The impact of global warming on the metabolism of mosquitoes could further complicate predictions of how climate change will affect malaria, according to scientists.
Scientists have for the first time estimated how warmer climate will affect the metabolism of cold-blooded animals, such as mosquitoes, on a global scale. Such animals depend on outside temperature to regulate their body's metabolism.
The study, published today (7 October) in Nature, says that the effect of temperature on metabolism is non-linear, affecting animals in warm regions disproportionately more than those in cold regions.
"At high temperatures, very small [temperature] changes have huge effects," said lead researcher Michael Dillon, an assistant professor of zoology and physiology at the University of Wyoming, United States.
Although the temperature has so far risen less rapidly in the tropical regions, the researchers say these areas will actually see the most drastic changes in metabolic rates of cold blooded animals.
The changes are also strongest in smaller animals, meaning that mosquitoes are among those most likely to be affected.
"Over the last 30 years we've seen significant changes in metabolic rate," said Dillon. "If we continue on the track that's predicted, it's only going to get worse."
But it is still unclear what effects this might have on diseases spread by mosquitoes, such as malaria.
He said the effects of warmer weather on malaria might be threefold: higher metabolic rates shorten gestation periods boosting the numbers of mosquitoes as successive generations hatch more frequently; longer periods of warmth would allow the mosquitoes to be active for longer; and the metabolic rate of malaria parasites might increase as well leading to higher parasite numbers carried by the mosquitoes.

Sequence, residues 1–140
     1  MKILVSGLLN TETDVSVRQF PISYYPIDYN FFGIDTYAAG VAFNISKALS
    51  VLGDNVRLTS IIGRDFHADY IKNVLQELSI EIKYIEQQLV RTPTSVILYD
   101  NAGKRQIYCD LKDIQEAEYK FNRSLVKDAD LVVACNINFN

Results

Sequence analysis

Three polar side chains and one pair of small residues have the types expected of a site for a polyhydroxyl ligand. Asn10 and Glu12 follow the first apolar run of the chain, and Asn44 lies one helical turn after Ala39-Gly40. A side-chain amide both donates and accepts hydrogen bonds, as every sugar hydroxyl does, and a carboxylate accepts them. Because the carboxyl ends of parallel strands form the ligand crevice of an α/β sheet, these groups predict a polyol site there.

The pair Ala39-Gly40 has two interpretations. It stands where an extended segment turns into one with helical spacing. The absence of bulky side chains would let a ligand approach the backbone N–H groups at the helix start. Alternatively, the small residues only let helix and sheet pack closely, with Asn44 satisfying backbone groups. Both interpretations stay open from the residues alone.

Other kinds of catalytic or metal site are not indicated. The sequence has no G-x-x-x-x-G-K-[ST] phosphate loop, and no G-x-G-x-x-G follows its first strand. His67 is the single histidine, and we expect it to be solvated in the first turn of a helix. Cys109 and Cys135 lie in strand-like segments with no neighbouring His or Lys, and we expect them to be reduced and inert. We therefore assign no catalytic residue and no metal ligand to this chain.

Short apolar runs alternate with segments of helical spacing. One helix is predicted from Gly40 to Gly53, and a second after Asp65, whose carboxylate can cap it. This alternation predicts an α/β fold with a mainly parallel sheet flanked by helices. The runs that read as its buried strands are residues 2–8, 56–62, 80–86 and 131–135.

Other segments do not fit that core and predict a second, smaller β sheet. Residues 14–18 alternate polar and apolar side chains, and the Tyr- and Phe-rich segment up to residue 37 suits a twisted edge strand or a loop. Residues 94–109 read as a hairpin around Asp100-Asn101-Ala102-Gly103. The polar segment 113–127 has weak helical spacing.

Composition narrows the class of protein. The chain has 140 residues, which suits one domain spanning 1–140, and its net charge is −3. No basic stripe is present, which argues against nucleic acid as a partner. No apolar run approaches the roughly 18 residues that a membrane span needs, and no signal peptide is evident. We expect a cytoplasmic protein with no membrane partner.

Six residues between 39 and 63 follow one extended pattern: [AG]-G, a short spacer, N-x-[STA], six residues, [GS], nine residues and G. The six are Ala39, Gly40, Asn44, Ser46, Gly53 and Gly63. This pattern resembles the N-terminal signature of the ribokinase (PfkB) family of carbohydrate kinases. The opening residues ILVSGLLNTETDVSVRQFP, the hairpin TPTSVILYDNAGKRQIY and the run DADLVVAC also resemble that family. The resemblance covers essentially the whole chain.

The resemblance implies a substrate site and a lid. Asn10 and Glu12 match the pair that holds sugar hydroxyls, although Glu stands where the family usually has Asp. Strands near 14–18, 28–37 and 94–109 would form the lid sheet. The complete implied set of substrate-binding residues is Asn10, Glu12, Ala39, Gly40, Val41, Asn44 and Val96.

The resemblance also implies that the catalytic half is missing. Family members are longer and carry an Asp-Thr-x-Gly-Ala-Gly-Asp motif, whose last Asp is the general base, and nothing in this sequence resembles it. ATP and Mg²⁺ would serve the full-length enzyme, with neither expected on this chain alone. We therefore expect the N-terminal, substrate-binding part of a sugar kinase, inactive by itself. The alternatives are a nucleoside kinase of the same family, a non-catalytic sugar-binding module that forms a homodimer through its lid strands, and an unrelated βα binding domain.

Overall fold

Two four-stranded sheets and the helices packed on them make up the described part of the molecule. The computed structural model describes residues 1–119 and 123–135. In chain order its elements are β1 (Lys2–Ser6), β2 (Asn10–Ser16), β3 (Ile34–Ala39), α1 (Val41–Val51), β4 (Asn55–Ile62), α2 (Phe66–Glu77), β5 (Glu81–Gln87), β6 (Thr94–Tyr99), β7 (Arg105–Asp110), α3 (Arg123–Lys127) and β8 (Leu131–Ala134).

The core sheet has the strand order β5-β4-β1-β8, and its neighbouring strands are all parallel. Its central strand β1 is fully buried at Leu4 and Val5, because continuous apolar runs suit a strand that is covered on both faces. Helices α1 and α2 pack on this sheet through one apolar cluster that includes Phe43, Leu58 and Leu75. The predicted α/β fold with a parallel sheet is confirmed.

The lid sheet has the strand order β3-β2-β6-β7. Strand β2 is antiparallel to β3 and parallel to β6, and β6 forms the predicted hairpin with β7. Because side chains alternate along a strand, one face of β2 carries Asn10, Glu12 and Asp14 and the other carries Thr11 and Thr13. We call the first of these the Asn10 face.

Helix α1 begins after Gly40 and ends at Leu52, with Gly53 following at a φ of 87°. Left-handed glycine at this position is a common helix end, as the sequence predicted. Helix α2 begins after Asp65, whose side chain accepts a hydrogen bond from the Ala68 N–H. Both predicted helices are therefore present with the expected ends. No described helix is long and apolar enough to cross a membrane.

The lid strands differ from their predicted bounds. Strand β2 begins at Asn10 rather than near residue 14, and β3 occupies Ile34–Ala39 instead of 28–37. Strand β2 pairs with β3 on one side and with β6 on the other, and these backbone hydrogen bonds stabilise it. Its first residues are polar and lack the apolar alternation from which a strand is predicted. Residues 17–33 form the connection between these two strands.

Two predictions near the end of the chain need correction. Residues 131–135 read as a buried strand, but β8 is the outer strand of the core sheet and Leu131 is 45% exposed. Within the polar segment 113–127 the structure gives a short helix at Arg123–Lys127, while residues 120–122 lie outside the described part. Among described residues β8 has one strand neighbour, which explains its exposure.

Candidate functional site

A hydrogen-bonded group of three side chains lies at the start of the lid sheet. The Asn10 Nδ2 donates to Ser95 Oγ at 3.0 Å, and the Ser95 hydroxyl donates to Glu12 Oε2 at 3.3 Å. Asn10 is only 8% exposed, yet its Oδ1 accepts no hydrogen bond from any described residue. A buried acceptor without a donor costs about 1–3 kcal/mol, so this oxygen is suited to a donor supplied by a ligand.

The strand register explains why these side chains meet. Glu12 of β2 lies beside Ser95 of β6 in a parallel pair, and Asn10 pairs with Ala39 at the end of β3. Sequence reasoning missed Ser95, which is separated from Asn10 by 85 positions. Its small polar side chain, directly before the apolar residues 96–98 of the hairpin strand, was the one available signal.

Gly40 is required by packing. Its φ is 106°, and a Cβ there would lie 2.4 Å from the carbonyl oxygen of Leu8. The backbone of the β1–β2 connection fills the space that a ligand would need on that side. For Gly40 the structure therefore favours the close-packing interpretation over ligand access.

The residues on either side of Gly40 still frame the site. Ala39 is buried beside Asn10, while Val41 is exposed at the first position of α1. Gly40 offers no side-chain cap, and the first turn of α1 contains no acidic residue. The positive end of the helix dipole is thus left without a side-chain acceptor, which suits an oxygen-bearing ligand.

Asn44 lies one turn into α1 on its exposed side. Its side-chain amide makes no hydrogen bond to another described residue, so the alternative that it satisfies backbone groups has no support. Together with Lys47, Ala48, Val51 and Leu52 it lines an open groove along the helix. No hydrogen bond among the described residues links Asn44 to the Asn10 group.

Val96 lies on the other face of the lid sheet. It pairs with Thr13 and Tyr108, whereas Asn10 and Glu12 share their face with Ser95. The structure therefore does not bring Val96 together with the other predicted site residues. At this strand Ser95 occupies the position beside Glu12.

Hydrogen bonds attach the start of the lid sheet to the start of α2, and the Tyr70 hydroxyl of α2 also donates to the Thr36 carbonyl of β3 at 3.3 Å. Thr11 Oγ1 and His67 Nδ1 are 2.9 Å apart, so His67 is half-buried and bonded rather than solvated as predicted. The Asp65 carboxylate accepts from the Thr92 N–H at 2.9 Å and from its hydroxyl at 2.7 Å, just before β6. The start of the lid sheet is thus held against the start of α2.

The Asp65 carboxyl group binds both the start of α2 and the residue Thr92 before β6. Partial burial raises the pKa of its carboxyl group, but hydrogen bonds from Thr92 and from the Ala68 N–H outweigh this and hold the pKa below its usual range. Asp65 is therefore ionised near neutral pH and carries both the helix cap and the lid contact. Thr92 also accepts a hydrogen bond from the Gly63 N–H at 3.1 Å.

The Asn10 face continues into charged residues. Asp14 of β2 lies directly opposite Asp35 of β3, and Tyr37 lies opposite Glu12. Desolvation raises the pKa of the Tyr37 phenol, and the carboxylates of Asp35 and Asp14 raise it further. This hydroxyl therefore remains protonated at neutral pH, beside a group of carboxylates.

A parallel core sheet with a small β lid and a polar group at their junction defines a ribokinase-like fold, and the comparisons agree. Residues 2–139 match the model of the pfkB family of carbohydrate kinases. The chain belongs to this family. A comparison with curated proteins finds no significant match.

Combined, these three temperature effects could increase the potential for malaria infection in tropical regions. But whether this will actually occur is an "incredibly complicated" question, said Dillon.
Other factors might mean such an increase in metabolic rate could have little effect on malaria. For example, availability of other resources could limit mosquito population growth, or they simply might not sustain the higher metabolic rates. "They may just burn themselves out," he said.
Tarekegn Abeku, senior technical specialist for disease prevention at the Malaria Consortium, said that while short-term temperature changes in regions such as the East African highlands have increased malaria transmission rates, we do not know how gradual warming will influence the disease. "The long-term effects in general are not very clear," he added.
Paul Parham, a research fellow at the Grantham Institute for Climate Change, United Kingdom, said that when these new findings are put into existing disease transmission models, "small changes in the metabolic rates will have potentially quite large effects on disease transmission".
Nature, 467, 704 (2010)